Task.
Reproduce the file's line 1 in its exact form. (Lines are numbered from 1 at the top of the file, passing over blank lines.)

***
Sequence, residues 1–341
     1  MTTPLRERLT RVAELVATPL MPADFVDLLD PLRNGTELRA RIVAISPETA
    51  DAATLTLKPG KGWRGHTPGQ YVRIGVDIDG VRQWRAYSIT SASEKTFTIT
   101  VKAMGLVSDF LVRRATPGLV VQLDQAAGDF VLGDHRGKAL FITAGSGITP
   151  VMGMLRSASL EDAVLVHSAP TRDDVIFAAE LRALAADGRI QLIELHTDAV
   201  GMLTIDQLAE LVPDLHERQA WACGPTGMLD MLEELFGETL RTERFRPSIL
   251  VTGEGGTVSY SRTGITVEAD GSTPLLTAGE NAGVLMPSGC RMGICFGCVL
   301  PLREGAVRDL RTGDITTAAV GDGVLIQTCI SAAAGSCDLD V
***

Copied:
Sequence, residues 1–341